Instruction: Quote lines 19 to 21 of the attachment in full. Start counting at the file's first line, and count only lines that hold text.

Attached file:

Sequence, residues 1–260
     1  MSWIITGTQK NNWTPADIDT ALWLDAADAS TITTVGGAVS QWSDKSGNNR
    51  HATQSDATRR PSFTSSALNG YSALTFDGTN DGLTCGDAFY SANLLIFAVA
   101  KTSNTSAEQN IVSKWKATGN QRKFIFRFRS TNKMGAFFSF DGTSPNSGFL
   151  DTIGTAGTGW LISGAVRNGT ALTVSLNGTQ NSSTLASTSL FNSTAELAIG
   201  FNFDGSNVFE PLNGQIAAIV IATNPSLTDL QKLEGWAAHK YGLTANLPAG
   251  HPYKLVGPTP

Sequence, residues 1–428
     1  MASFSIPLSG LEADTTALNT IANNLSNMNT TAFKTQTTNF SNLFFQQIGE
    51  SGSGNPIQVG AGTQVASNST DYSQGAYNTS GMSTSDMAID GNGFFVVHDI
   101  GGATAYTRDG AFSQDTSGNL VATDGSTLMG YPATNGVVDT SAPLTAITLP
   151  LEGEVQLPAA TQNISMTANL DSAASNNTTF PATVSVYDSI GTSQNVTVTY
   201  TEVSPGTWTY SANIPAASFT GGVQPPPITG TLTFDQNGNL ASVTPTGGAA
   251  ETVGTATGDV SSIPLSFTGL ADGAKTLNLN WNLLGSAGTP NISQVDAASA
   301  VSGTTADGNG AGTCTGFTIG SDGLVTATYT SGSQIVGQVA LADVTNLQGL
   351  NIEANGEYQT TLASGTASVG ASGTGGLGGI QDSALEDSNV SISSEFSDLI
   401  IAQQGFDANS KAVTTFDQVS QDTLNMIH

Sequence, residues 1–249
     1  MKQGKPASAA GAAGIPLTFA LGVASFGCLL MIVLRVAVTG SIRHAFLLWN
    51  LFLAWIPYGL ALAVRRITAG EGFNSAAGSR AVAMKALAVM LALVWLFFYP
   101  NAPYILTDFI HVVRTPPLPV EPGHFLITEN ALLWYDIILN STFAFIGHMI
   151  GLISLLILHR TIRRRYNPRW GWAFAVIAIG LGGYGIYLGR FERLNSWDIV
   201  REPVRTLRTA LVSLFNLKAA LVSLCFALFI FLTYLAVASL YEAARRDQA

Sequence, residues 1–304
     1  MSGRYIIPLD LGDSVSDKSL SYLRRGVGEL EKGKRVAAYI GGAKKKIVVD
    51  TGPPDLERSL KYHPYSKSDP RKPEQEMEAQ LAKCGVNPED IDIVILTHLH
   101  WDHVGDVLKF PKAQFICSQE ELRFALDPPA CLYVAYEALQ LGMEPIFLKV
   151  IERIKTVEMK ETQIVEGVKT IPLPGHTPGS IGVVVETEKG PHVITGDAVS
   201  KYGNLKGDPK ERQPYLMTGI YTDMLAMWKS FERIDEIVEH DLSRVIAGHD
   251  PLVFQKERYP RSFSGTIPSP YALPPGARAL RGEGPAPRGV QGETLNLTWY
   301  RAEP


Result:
     1  MKQGKPASAA GAAGIPLTFA LGVASFGCLL MIVLRVAVTG SIRHAFLLWN
    51  LFLAWIPYGL ALAVRRITAG EGFNSAAGSR AVAMKALAVM LALVWLFFYP
   101  NAPYILTDFI HVVRTPPLPV EPGHFLITEN ALLWYDIILN STFAFIGHMI